Mini Review Monday: Under the Light, Saints and Misfits, The Serpent King, Learning to Swear in America, and The Improbable Theory of Ana and Zak

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It's that time again... 


Under the Light by Laura Whitcomb 

Under the Light
by Laura Whitcomb 

Goodreads Amazon 
Series: (Light #2)
Published: May 14th 2013
Rating: Pretty but kind of a letdown.
Times read: 2
Recommended by: sequel to a book I love

“Perhaps it wasn't that time had frozen but that it was now moving at the pace of infinity. A moment now becomes a century.” 

I loved A Certain Slant of Light and was very worried that if I didn't love this book with all my heart, my enjoyment of A Certain Slant of Light would be diminished.  This sequel follows the teenagers Jenny and Billy whose bodies Helen and James had taken over as they try to figure out the connection between them and what happened to them in the time that they don't remember. It was okay, but I found it a bit forced.  It wasn't necessary as the first book had tied things up already and this book unraveled things a bit to work.  


Saints and Misfits by S.K. Ali 

Saints and Misfits
by S.K. Ali 

Goodreads Amazon | Audible
Series: no
Published: June 13th 2017
Rating: How is a book this serious this adorable?
Times read: 1
Recommended by: Kelly Jenssen on the Hey YA podcast

“The truth does not change according to our ability to stomach it.” 

The main character of this realistic contemporary is Janna Yusuf, a charmingly relatable Arab Indian-American hijab-wearing sixteen-year-old trying to figure out where she fits in at school and with her community.  I was interested in the Muslim community aspect of her life because there are so few books that show how it looks day in and day out.  The best part of this book is Janna who is portrayed not as an Islamic paragon or as a victim but as a human being. She is getting over a traumatic event that happened over the summer, dealing with a crush, and just trying to figure herself out.  I will be throwing this at everyone because this is the feel-good book that we all need. 


The Serpent King by Jeff Zentner

The Serpent King
by Jeff Zentner

 

Goodreads | Amazon | Audible
Series: no
Published: March 8th 2016
Rating: Star after star
Times read: 1
Recommended by: Cait at Paperfury

“Nothing makes you feel more naked than someone identifying a desire you never knew you possessed.”

I went into this book thinking that it was a fantasy book because of the title.  It wasn't, but it is one of the best contemporary YA books that I have ever read.  There was excellent characterization, personal growth, family struggles, and just all around fantastic writing. Also, I cried.  I was fully committed to all the characters.  I wanted Dill to escape his life, for Travis to become a writer, and for Lydia to blossom.  It managed to walk that fine balance between heart-wrenching and heartwarming. I laughed and cried and laughed and cried and then laughed and cried some more.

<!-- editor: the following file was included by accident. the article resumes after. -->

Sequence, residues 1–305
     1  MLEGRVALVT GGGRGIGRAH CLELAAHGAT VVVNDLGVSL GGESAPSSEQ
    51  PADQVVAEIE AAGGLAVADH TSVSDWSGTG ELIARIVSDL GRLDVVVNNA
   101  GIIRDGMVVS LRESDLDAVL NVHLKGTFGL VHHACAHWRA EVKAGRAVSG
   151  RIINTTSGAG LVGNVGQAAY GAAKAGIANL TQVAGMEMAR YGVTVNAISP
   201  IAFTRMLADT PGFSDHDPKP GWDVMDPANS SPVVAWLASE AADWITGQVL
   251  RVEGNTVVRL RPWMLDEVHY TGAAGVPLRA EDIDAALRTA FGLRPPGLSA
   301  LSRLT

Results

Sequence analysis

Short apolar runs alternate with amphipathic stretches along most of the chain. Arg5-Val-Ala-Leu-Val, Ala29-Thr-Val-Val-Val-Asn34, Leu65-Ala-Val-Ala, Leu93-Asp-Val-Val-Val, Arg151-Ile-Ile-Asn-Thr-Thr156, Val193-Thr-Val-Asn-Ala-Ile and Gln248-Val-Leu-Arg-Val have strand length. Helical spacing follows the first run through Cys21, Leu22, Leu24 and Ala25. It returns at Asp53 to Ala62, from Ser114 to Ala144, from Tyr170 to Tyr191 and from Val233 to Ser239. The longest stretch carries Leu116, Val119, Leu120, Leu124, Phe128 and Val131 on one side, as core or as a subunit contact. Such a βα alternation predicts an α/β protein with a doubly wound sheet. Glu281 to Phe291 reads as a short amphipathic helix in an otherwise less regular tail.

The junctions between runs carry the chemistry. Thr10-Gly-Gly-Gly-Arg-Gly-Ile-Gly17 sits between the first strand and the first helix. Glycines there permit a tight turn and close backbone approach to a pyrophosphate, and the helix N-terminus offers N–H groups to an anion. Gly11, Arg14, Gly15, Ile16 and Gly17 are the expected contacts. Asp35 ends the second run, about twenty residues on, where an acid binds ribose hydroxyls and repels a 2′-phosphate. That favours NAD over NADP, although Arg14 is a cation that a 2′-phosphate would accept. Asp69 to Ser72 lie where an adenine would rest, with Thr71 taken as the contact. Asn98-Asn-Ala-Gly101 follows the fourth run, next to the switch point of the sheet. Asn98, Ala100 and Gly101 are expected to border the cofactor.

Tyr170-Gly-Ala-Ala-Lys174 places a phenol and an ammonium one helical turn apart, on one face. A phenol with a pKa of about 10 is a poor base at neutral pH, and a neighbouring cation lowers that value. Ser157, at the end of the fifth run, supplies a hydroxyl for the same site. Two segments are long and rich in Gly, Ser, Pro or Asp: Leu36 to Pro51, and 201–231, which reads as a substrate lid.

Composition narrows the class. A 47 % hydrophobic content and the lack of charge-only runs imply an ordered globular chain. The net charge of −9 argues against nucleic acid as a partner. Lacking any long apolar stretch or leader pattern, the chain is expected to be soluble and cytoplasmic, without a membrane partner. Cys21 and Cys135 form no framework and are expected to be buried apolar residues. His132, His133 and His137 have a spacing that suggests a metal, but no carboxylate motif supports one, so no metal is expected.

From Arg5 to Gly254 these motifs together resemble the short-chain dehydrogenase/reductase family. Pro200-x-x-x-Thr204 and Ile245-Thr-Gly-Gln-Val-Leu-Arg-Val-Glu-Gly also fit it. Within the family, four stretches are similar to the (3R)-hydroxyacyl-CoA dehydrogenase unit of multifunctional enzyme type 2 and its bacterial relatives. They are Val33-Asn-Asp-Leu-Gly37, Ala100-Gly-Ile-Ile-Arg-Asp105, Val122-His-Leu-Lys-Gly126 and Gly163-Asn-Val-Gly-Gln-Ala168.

The Improbable Theory of Ana and Zak by Brian Katcher 

The Improbable Theory of Ana and Zak
by Brian Katcher 

Goodreads | Amazon
Series: none
Published: May 19th 2015
Rating: pretty boring
Times read: 1
Recommended by: Goodreads?

“Because that's the way the world works, isn't it? You can work hard and be miserable, or do nothing and be happy.” 

Should I be laughing this hard at a book where an asteroid is hurtling toward Earth and, the main character is a teenage  Russian genius trying to prevent it? Yuri has no social skills whatsoever, and his attempts at interacting with others and especially a girl he might like are gold.  I can't think of another character like him in YA.  The math and physics in the book seem well researched and plausible although, would I know if they weren't?  Yay, for books with math. The ending was a bit anticlimactic for me, but it's awesomeness remains.

 


Learning to Swear in America by Katie Kennedy

Learning to Swear in America
by Katie Kennedy

Goodreads | Amazon | Audible
Series: no
Published: July 5th 2016
Rating: Different but good
Times read: 1
Recommended by: someone on Twitter

“I was thinking," Yuri said, licking blood from the corner of his mouth, "that since I bothered to save the world, people might shut up during movies.” 

Should I be laughing this hard at a book where an asteroid is hurtling toward Earth and, the main character is a teenage  Russian genius trying to prevent it? Yuri has no social skills whatsoever, and his attempts at interacting with others and especially a girl he might like are gold.  I can't think of another character like him in YA.  The math and physics in the book seem well researched and plausible although, would I know if they weren't?  Yay, for books with math. The ending was a bit anticlimactic for me, but it's awesomeness remains.


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